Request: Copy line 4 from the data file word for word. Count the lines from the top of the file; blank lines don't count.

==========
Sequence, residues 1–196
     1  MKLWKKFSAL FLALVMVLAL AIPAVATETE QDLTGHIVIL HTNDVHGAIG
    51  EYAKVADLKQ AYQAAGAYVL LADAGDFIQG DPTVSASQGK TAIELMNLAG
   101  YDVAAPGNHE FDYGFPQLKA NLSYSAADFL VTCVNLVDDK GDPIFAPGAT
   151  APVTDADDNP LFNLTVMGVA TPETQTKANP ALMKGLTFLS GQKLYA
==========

   101  YDVAAPGNHE FDYGFPQLKA NLSYSAADFL VTCVNLVDDK GDPIFAPGAT